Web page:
One in Christ: Together as one church Part: 2

Paul reminds us that, although we are all different, God draws us together in faith to work as one.

James R. Huebner

It is important to remember that God did not single us out to be his own because we are so wonderful or because we have such great qualities. No! He chose us by grace. He redeemed us to be his own dear children.

For the apostle Paul, redemption was not an abstract theological term dug out of an old, dusty doctrine book. Redemption is the only way out for people in prison because it involves two things: a payment is made, and then captives are set free. At the time he wrote to the Ephesians, Paul was under house arrest and had no idea whether someone would be able to make a ransom payment so that he could go free. But he did know that whether he was under house arrest or just walking the streets of Rome or Corinth or Ephesus, Jesus had already made the ransom payment for all the sins of all sinners. Jesus paid the ransom with his own blood. With that payment we sinners were set free from the prison of sin and the chains of guilt and declared to be one with God.

We are no longer corpses, nor are we scratching and clawing to get away from God like a trapped raccoon. We are God’s dear children, grateful for his love, wanting to do what he wants because all of what God did for us in Christ becomes ours personally through faith.

Faith is trust that what God says about us is true. Faith is passive. It is the empty bowl which God created in us by his powerful words of promise and love. It catches all the good things God pours into our hearts. It is not the reason he loves us. It is the result of his love for us.

But faith is also active. It is alive and produces the fruits of faith like an apple tree produces apples. “We are God’s handiwork, created in Christ Jesus to do good works, which God prepared in advance for us to do” (Ephesians 2:10).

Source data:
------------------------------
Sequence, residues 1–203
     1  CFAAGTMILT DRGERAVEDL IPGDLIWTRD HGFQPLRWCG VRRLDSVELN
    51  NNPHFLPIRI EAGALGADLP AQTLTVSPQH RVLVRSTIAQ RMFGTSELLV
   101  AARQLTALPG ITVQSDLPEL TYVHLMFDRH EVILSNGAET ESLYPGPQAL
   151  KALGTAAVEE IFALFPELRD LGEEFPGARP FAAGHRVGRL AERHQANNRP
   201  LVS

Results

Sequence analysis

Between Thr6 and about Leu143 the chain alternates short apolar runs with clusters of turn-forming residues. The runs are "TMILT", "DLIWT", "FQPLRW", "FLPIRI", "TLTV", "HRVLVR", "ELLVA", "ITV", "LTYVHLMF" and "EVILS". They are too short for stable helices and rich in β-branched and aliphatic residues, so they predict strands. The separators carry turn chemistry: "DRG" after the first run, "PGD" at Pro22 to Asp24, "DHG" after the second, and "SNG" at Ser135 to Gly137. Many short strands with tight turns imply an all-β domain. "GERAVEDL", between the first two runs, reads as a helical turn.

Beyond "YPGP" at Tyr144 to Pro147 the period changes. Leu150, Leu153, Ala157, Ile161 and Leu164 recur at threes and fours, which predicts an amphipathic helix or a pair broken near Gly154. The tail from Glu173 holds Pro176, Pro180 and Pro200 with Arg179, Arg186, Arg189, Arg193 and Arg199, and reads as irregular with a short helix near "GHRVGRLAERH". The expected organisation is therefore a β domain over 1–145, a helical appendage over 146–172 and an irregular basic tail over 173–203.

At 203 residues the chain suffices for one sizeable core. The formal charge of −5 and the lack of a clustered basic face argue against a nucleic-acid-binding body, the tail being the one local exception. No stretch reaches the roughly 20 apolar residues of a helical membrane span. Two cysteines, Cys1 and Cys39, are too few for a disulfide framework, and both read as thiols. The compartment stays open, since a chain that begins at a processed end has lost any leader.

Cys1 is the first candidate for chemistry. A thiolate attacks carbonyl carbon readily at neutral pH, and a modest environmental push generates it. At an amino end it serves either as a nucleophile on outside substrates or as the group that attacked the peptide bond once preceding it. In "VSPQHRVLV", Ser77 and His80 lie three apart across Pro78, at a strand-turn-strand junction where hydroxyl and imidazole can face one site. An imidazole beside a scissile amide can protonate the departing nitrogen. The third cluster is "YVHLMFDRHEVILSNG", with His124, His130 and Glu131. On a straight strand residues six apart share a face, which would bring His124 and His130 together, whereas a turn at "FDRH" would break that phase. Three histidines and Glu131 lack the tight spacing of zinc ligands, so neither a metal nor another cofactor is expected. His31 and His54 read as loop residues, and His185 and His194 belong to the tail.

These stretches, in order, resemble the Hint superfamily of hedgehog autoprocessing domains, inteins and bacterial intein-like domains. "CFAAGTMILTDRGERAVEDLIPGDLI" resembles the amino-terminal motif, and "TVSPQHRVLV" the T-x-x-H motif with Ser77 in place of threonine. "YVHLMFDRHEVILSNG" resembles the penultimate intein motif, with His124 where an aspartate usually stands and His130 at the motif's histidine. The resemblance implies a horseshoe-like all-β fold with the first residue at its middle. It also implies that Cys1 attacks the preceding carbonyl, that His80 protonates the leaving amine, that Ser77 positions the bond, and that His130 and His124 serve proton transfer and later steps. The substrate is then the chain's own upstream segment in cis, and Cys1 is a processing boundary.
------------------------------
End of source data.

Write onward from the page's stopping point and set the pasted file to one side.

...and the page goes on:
One way to track the history of your congregation is to note the building projects. But you don’t want to overlook another building project that has been going on in your church, the building of the holy Christian church. And when we talk about the holy Christian church, we can’t help speaking about its chief architect, designer, and engineer, Jesus Christ. He is the foundation for our faith and the cornerstone of our faith. Jesus unites us in faith.

You don’t have to be an expert builder to know that a firm foundation is essential for any building. But what about your congregation? What about our synod? If our church body were built on human qualities and capabilities, it would have collapsed long ago. We make mistakes. We sin. Some days we do what God wants, and some days we don’t. It’s a good thing that God doesn’t build his church on sinners like you or me. Instead it is “built on the foundation of the apostles and prophets, with Christ Jesus himself as the chief cornerstone” (Ephesians 2:20).

Martin Luther couldn’t sleep at night. In fact, he nearly killed himself trying to beat sin out of his body. He knew that “God is holy, and I’m not, and I have to be as holy as God is if he’s going to open heaven’s gates for me.” His superiors were afraid he’d go nuts. So, to keep him busy, they had him study to be a parish priest and also got him a job as a university professor. Of all things, they asked him to teach the Bible. For the first time in his life, he dug into Holy Scripture. What he found there astounded him.